October 22, 2010
A YEAR ago, when Ombudsman George Brouwer reported on Victoria’s child-protection system, The Age summarised his conclusions in this way: ”too much is asked of too few, who are underpaid and overstretched”. As we reported yesterday, little has changed despite the hiring of extra case workers and a $77.2 million injection of funds. Out of a workforce of just over 1000, 231 child-protection workers either resigned or had their contracts terminated in 2009. The extreme stress endured by child-protection workers is evident from the so-called ”churn” rate: of those who left last year, 95, or about 40 per cent, had been in the job less than 12 months.
The opposition has been predictably quick to interpret the figures as confirmation of the ”chronic and systemic” failure of child protection in Victoria, and to demand the dismissal of Community Services Minister Lisa Neville. Ms Neville, in turn, pointed out that the Coalition had not yet said what it would do to fix matters, or how much money it would devote to the task. So far as politicians are concerned, the debate is likely to remain enmeshed in accusations and counter-accusations of this kind until next month’s state election. Neither party, however, has been willing to discuss the underlying causes of the churn rate among child-protection workers.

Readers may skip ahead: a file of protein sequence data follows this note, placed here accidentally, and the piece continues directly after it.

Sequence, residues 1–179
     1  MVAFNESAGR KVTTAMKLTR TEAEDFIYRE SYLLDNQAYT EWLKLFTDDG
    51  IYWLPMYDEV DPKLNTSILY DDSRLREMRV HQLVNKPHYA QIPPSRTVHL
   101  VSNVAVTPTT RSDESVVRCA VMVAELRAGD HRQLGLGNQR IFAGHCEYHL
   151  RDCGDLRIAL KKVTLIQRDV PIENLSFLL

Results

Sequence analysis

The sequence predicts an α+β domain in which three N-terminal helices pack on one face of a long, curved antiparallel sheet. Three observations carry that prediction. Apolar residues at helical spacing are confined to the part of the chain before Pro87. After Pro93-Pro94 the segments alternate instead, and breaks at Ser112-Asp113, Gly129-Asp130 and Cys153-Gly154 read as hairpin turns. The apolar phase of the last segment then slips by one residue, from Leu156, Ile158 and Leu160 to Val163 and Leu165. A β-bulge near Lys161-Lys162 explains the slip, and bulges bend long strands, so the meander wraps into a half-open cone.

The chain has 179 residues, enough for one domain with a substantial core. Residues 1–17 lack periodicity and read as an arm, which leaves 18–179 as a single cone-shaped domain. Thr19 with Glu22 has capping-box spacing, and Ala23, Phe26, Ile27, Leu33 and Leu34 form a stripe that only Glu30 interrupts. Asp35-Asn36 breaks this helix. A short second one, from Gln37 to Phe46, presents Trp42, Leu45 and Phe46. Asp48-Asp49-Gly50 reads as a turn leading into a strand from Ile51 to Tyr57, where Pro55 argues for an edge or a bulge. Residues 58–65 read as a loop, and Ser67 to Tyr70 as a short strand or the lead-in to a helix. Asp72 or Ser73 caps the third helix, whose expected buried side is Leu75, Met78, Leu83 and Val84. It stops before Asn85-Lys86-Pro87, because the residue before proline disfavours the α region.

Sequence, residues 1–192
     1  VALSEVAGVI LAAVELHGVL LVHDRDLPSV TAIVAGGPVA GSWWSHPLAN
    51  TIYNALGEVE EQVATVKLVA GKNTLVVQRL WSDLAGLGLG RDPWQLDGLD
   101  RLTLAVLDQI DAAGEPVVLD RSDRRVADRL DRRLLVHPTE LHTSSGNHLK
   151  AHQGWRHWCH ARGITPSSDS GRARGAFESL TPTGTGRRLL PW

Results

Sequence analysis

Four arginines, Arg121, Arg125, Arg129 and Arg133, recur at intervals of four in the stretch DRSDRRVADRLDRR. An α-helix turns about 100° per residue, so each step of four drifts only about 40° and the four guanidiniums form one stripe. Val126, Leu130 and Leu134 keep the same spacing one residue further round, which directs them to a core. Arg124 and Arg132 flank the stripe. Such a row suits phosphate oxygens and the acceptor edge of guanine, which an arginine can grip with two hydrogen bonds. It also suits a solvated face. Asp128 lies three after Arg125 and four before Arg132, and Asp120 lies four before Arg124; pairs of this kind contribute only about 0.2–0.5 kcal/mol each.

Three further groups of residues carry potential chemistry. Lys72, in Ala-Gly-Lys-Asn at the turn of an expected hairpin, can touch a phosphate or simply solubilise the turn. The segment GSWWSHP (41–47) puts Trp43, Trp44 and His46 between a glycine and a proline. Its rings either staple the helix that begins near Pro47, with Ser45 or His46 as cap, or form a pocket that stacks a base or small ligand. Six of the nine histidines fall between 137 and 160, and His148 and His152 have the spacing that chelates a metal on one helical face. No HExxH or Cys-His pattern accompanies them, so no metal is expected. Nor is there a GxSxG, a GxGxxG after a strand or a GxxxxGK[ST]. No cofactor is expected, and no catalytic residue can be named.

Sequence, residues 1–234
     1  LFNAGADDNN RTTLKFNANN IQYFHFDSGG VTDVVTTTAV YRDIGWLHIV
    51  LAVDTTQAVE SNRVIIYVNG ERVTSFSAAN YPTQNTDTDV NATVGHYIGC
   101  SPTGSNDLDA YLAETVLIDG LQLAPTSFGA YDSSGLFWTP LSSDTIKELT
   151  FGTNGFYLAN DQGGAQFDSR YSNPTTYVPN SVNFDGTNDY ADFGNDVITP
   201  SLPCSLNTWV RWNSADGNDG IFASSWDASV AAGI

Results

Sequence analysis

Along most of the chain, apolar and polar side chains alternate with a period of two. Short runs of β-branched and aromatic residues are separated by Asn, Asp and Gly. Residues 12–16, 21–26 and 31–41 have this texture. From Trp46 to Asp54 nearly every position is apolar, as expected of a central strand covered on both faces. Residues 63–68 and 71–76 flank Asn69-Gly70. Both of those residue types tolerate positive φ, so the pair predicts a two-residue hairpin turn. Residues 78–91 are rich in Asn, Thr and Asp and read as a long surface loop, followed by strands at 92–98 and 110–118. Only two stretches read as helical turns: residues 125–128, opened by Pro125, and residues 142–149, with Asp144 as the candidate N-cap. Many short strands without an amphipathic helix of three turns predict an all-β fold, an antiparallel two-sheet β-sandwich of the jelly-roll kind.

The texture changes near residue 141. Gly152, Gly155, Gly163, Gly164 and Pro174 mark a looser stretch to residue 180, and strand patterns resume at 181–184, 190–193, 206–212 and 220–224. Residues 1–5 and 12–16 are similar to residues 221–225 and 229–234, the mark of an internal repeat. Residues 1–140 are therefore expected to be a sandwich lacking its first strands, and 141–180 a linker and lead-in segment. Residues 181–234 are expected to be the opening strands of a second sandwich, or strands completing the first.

Yesterday The Age also reported on unemployment in outer Melbourne and regional centres. While the national jobless rate hovers around 5 per cent and in some of Melbourne’s more affluent suburbs is as low as 3 per cent, it is a different story further out. In Broadmeadows it is a staggering 15.9 per cent, in Dandenong 13.6 per cent, in Sunshine 10.6 per cent and down in the Corio region 9.2 per cent. These were once manufacturing hubs, but the loss of manufacturing jobs as employers seek cheaper labour overseas is turning them into pockets of chronic unemployment. That inevitably creates pressures on families, and it is not surprising that the churn rate among child-protection workers is highest in Melbourne’s northern and western suburbs, where 58 per cent of the workers who left last year had been in the job less than 12 months.
There is no quick fix for poverty, and no simple chain of cause and effect linking chronic unemployment and child abuse. But that poverty is frequently a factor in abuse cannot be denied, and if politicians are serious about trying to repair the system they should look beyond churn rates to the causes of stress within families.